An Open Poem in Protest of Amendment One: first draft on May 9th
They called out, and they came–the pious, the frightened,
the spiritually blind. It was an easy conjuration: draw the sign
of the cross, see nailed upon the ragged wood only yourself,
scry into the blackened, holy mirror your own reflection,
cast your coins into the blazing preacher’s hands, and believe
that no matter how poor you are, how desperate; you are
at least better than men who lie down with men, the women
who love women, even if they do so in love and good faith.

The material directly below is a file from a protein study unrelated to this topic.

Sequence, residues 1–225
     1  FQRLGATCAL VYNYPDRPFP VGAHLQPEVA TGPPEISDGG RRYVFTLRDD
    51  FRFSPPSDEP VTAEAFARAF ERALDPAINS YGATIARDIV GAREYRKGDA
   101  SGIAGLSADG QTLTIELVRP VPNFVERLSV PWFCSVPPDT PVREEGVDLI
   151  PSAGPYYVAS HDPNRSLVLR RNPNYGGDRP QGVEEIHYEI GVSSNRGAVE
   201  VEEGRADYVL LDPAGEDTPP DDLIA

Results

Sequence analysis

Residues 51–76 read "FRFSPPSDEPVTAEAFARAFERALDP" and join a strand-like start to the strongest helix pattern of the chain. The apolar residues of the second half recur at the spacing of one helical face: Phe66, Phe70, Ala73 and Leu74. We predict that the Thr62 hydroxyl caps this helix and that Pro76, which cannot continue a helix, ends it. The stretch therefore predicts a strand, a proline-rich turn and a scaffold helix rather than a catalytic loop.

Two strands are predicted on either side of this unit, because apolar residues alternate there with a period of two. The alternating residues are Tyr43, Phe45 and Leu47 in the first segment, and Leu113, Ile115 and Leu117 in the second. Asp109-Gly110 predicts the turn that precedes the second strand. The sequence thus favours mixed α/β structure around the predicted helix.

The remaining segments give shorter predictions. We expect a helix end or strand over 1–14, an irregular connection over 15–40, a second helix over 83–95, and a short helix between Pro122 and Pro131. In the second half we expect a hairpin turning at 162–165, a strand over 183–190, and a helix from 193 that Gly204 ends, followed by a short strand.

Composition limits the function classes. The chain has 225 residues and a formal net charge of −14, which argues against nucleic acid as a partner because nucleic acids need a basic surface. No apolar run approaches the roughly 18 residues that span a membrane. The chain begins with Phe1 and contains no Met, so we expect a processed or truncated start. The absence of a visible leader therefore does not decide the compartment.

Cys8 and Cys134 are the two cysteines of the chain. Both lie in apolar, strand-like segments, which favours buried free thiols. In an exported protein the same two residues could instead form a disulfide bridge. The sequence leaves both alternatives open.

This is the South, where branches held burnt bodies of black men
and the flowers of the magnolia: scent of flesh, of fresh cut
lemons. You can wash your hands in the light
of the sun and know you were right. Even here,
in our garden, you can pause and reflect on how
you rescued love from the grasp of those who don’t deserve it.
Meanwhile, the mockingbird plays back the midnight
call of the whip-poor-will, as invisible as the original singer
was in the darkness last night, but also see this: in the light of day
the pomegranate my husband and I planted blooms
like a tree of fire.
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